First newsphoto of the author after his expulsion from Russia in 1952 shows him arriving at Frankfurt Main station in West Germany. No smile for the photographer that day.
Wide World.

George F. Kennan, Princeton ’25, is former U.S. Ambassador to the Soviet Union and to Yugoslavia. Now at the Institute for Advanced Study, he is also Visiting Professor of History and International Affairs at Princeton. His latest books is “On Dealing with the Communist World,” Harper and Row, 1964. This article was adapted from a talk he gave on campus for the Student Christian Association.

I suppose it’s only fair that I should be asked to lead a discussion of “the ethics of anti-communism.” The last thirty-seven years of my life have been preoccupied mostly, in one way or another, with the problem of international communism. And it seems to me that I have stood pretty much in the center of the brickbats that fly back and forth in this connection. I have a respectable collection of abusive and sometimes unprintable letters from people who think that I haven’t been anti-communist enough. On the other hand, I am one of the few Americans who have had the distinction of being thrown out of Stalin’s Russia on charges of being too anti-Soviet. And I can remember a certain week, in 1950, when the walls of Rio de Janeiro were decorated with hundreds of great tar inscriptions saying: “To death with Kennan.” These were inscription put there by the local communists. I was buried repeatedly in effigy at that time, incidentally, by Brazilian communist students, who did me the moving courtesy of putting a white cross on the little black coffin they used for this purpose.

Nobody can be blamed for being exercised about international communism. There has been plenty to be exercised about. I think a healthy capacity for moral indignation is essential to understanding what communism is all about. In our Embassy in Moscow, when we got a new young officer assigned to us who had been trained in the Russian language, if, on first confrontation with the Soviet newspapers in the morning, he didn’t rise from his desk and go storming around the office saying “Look what these so-and-so’s have said today!” – if he didn’t do this, he was no good to us. It was a case where you had first to be capable of getting angry in order to understand what was up; and then you had to learn to control your anger.

The Soviet leaders obviously do not wish us well. Their ideology forbids them to do so. If they had their way, little would remain, I am sure, of our world position or of the things we value here at home.

But despite all this, I must say that I find the term “anti-communism” a very misleading one.

First of all, if you are going to talk today, about anti-communism, you have to being by answering the questions: anti-whose-communism? Karl Marx’s, or Lenin’s, or Stalin’s, or Mao’s, or Gomulka’s, or even Tito’s, since he himself insists on using the term? These are by no means identical. Not even the communists themselves pretend any longer that they are. If all you say is that you are “against communism,” you haven’t made yourself very clear. You cannot simply say “I am against them all” because in some respects the various outlooks that go by the name of communism are not just different but are actually in conflict with each other, so that you can’t be against one of them in all its aspects without being, by implication, in favor of another one in those same aspects.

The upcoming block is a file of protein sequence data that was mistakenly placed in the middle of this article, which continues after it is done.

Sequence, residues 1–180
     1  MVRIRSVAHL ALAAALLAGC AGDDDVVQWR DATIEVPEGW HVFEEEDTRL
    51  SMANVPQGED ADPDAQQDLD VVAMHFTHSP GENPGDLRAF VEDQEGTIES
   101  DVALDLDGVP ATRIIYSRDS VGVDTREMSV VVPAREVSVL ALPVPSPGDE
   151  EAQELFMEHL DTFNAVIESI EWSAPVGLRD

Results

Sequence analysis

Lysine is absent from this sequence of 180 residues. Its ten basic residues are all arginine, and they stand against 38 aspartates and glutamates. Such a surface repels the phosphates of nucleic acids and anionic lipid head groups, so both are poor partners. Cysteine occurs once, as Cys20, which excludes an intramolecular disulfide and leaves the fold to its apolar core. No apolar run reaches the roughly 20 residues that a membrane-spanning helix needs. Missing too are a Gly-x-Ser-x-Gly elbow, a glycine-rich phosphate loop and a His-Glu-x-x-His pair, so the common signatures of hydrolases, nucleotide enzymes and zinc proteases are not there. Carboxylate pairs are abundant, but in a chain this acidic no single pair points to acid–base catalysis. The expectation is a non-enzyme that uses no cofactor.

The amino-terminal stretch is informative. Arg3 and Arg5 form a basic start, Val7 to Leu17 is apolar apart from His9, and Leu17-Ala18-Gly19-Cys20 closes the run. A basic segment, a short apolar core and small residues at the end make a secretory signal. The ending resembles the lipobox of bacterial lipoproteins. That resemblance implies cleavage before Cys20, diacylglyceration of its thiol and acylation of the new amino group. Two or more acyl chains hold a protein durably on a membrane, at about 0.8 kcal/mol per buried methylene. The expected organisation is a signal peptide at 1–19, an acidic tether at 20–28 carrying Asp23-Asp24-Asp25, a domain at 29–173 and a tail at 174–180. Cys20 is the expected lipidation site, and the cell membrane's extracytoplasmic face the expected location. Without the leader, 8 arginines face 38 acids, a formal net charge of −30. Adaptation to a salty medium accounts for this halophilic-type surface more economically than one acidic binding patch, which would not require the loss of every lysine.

Suppose, then, you pick a certain communist country – let us say the Soviet Union – and say “When I talk about anti-communism, it is this country I mean and it is the communism of this country I mean and it is the communism of this country I am against.” But there are two things you could have in mind when you express yourself this way: One, the present reality of the Soviet system with its internal institutions and practices; the way the regime treats its own citizens, and so on. Or, two, its external behavior: things it does on the world scene which affect adversely our interests and those of world peace, and which strike us as unjust or deceitful or aggressive.

Now these two things are not the same. We may not like the internal practices and institutions of the Soviet system, but so long as they don’t have external effects that damage our interests, they are not really our business. Unless we have such dreams of grandeur that we picture ourselves as fit to rule the world, which I think very few of us do, then the golden rule is obviously going to apply here: We must agree to let Russians be Russians, and not try to substitute out conscience for theirs.

Perhaps you simply like to use the term “anti-communism” to record your abhorrence of the theory and practice of government which you understand to prevail in Russia. You can’t mean, surely, that you are against all the institutions and practices of the Soviet system. There are a great many things that take place under the authority of, and in the name of, that system that are not at all reprehensible: Schools are taught, people heal the sick, scientists pursue the quest for knowledge. Perhaps these things serve communism to some degree; the regime has often tried to make them do so. But this is not all they serve. Teachers teach, as they do here, because this is their pride and their profession and they feel it important that young people should be taught. Doctors heal for similar reasons. And scientists pursue their research because, like scientists everywhere, they have learned the nobility and the excitement of the quest for knowledge.

Obviously, it is not all features of communism that we are against – only certain ones. But the sweeping term “anti-communism” does not suggest this.